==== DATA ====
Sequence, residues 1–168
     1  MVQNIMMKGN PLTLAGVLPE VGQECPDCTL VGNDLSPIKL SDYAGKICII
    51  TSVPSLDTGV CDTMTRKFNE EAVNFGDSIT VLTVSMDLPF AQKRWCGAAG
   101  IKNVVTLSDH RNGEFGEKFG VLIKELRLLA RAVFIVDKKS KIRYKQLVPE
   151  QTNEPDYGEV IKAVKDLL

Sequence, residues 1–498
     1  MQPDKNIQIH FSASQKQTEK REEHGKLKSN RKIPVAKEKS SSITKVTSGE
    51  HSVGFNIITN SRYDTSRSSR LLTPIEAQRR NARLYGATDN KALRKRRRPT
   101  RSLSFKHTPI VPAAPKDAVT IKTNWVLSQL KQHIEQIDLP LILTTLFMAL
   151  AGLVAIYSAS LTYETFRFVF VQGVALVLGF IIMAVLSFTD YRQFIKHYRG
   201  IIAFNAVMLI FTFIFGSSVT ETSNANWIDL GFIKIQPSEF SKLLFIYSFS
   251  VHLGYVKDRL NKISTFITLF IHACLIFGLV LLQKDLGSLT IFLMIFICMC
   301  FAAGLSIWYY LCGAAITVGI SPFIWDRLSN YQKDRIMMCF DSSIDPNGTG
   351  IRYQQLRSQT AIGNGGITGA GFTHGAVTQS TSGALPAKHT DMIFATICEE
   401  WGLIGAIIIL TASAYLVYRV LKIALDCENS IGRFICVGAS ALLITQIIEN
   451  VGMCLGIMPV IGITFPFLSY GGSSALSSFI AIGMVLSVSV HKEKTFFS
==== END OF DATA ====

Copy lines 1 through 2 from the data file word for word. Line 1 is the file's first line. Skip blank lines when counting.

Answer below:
Sequence, residues 1–168
     1  MVQNIMMKGN PLTLAGVLPE VGQECPDCTL VGNDLSPIKL SDYAGKICII